G. K. Chesterton has been one of my favorite authors since I was a teenager. Orthodoxy is in my top 10 books of all time, and is one of the non-fiction books I’ve re-read most frequently. So when I learned that my friend Holly was writing a book with publisher Blue Sky Daisies on the life of G.K. Chesterton, you can imagine my excitement!
Holly has a special guest post for us today. She tells us a few of the more, well, less-flattering parts of Chesterton’s life. But she does more than that. She asks us to think through the bigger question of what to do when our literary heroes are flawed. What can we learn about ourselves and the grace of God when we more deeply understand the full picture of our heroes’ lives? Read Holly’s post to find out!
When Your Literary Heroes Are Flawed
by Holly Geiger Lee
For better or for worse, we cannot help that we are drawn to the people found on the pages of the books we read. I bet if you are like me, a tired homeschool mom, you acknowledge the value in reading fiction or nonfiction biography. I like not having to make decisions constantly, but let’s face it: decision fatigue is going to happen from time to time.
The value in reading fiction or nonfiction biography is that I am allowed to observe somebody else’s decision-making. Therefore, the fiction novel or nonfiction biography helps me to process someone else’s story, which means that the conclusion is not based on any decision I have made as the reader. I am just along for the ride with the characters!
My own experience with reading a novel can best be described as emotional. On this emotional roller-coaster, I ride alongside my favorite character as she solves a mystery or becomes a better version of herself. I cannot help but feel a closeness to a character who helps me see something in myself that I had not previously uncovered. It can be cathartic to go through another character’s drama, experiencing their emotions, and finding some kind of resolution. Just like the end of a roller coaster ride, I feel like I could hop back on and ride again.
Even a great expanse of time cannot separate my emotions from the characters I read about. For example, even though the Greek myths are ancient by today’s standards, I cannot help but connect to their predictable story lines and moral paradigms.
I can feel connected to the successes as well as the failures of characters. The tragic hero is appealing to so many. I feel sad for Oedipus when he kills his father and marries his mother. How could I not feel sadness and a bit of fear from reading about one’s moral downfall, albeit far fetched?
Another example is found in the Biblical parable of the rich fool from the book of Luke. The rich fool who has everything, suddenly, in his humanity, makes a grave mistake. He contributes to his own downfall, and I cannot help but feel a pang of sadness and think of a message of warning.
From my reading experiences, I can conclude that humans are designed to connect with others. We connect to others through story, no matter how modern or ancient the story may be. Both roller coasters and stories are designed to deliver an experience of excitement, climax, and resolution. However, unlike the roller coaster, the story takes us on a ride with someone: the character. Many times, the character is a hero.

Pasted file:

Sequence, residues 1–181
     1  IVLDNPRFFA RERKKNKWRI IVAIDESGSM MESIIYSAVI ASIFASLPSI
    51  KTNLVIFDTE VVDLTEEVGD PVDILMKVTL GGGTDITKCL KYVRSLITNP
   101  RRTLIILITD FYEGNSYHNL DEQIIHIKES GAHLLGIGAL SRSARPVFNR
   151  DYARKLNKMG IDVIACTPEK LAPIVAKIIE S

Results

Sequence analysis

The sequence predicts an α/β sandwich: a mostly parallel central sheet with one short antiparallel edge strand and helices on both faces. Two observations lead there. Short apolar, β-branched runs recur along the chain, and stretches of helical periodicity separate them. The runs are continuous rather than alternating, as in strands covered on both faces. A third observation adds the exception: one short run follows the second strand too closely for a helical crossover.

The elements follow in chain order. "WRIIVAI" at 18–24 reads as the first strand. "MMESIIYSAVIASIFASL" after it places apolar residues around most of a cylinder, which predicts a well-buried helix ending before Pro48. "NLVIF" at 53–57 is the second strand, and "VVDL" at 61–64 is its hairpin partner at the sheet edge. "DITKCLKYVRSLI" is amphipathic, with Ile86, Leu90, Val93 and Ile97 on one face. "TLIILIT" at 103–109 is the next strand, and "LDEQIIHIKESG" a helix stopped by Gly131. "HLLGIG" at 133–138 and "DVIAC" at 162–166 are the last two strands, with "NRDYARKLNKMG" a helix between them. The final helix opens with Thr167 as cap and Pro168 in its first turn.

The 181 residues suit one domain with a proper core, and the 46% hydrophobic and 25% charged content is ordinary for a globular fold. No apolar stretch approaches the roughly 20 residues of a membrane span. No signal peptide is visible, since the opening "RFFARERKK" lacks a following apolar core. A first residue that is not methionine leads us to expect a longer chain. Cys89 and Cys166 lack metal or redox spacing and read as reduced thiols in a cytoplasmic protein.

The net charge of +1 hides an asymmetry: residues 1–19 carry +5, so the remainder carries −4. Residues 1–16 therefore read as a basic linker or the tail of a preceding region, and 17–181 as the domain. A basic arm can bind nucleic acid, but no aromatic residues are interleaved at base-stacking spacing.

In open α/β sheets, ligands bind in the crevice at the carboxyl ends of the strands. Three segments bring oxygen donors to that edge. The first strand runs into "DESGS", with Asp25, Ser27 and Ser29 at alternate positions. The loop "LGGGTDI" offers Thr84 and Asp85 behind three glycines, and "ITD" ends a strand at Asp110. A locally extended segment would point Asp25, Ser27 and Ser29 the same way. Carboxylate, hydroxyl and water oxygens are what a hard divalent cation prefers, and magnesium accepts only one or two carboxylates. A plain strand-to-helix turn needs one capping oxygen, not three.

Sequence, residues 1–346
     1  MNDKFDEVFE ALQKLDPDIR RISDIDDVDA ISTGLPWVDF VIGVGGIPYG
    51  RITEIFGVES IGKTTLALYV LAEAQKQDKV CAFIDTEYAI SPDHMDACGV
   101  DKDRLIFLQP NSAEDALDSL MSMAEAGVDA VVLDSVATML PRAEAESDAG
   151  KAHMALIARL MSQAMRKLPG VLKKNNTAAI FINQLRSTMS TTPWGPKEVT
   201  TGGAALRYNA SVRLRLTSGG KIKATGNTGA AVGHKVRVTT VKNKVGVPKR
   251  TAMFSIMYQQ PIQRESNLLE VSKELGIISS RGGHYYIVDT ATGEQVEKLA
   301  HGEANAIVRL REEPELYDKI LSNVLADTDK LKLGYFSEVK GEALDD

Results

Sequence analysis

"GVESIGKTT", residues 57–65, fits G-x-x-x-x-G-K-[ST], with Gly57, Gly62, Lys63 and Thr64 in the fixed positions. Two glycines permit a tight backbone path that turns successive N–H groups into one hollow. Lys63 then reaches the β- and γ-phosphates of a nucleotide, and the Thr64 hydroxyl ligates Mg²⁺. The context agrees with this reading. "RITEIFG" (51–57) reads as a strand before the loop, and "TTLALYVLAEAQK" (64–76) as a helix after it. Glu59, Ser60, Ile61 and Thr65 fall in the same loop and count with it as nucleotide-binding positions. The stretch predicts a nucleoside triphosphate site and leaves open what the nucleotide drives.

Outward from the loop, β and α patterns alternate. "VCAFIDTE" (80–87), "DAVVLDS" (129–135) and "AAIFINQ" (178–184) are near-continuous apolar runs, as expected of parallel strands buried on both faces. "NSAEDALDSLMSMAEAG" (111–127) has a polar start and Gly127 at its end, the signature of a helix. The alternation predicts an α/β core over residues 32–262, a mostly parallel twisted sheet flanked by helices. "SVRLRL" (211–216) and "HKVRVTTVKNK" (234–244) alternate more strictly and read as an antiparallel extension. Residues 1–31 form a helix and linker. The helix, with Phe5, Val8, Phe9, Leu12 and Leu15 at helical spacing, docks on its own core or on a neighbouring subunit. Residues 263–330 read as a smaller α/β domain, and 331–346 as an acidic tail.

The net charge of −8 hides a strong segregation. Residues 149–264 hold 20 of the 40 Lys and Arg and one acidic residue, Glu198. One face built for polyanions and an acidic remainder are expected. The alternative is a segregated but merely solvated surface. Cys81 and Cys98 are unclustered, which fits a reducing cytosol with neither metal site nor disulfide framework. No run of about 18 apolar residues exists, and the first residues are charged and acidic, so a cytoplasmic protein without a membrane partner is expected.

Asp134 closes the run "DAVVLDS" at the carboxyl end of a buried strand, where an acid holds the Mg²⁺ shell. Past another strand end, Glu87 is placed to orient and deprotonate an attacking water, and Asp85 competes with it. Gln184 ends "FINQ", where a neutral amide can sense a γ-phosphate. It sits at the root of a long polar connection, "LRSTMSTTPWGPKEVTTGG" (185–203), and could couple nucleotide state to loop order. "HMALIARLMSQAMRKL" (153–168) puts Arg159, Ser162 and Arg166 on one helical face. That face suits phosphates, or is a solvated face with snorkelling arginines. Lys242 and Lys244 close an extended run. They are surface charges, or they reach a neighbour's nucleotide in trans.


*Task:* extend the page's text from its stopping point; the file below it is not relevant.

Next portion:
I believe we look for heroes in stories. This does not mean I look for perfect people in the stories I read. My hero can take the form of a flawed person who overcomes great adversity. Or, like the tragic hero, my hero can look like a relatable person of stature who falls to a depth of moral hopelessness.
There are unconventional points of connection, too. Even the anti-hero, a more unfamiliar character example, makes me so frustrated because I search for ways to identify with him or her. I desire the typical heroic traits of nobility, bravery, and honesty, but I am left wanting with the anti-hero. Nonetheless, I think that on my worst days, I am certainly the anti-hero. Apart from Christ, I would be the anti-hero every day.
If I am not an anti-hero every day, am I even a hero? I think we must start with the definition of “hero” in order to answer this question.
A hero, as translated from Greek, means “defender” or “protector”. I am certainly a sucker for finding a strong defender or protector in my stories. He or she might look like a defender of the truth or a protector of the vulnerable. Even in my modern, material context, I see many little-h heroes as humans embodying God-given qualities that point to the true and better Hero (Jesus Christ). There are no demi-gods, but there is certainly the indwelling Holy Spirit to help Christians reflect heroism.
More times than not, I seem to put my flawed heroes on a pedestal. Intellectually, I know that a mere mortal is not going to provide true and lasting heroic goodness. We are all flawed. Nonetheless, I certainly want him or her to have the hope of providing the eternal heroic goodness that only Jesus can provide. We are all searching for this.
The flawed hero has a purpose in story. It brings the “ordinary” reader (like me) to a conclusion that perhaps I could likewise be a hero like him or her. I’m flawed, so maybe there’s some hope for me, too. Have you ever felt hope after reading about an “ordinary” hero’s courage, self-control, leadership, or kindness?
G.K. Chesterton, Ordinary Hero
G.K. Chesterton (1874-1926) was one of these “ordinary” heroes to me. He wrote essays, novels, biography, literary criticism, social commentary, poetry, and more!
I am not a literary expert, but it doesn’t take much reading for me to gather that G.K. Chesterton was a man of ideas. His philosophical ponderings and paradoxical proclamations make my heart sing and my brain tingle. Okay, maybe I’m making too much of him, but I think you know what I mean!
I am astonished by the sheer number of works he wrote in his lifetime. He wrote about 80 books, several hundred poems, 200 short stories, 4,000 essays, and several plays. Writing is thinking, and vice-versa. How about that number of written works for a thinking person?
In many respects, G.K. Chesterton was admirable. He cared deeply about the truth, loved children (though he had none of his own), spoke out against exploitation of others, fancied the things of “Little England”, and was a devoted husband. He was playful, jolly, and acknowledged virtue in his opponents. His quick wit and cheerful manner made him winsome and popular among many.
What’s not to like about G.K. Chesterton? We plaster his quotes onto mugs, frame his paradoxes and hang them on the office wall, and make a point to inform others about his influence on another literary great, C.S. Lewis.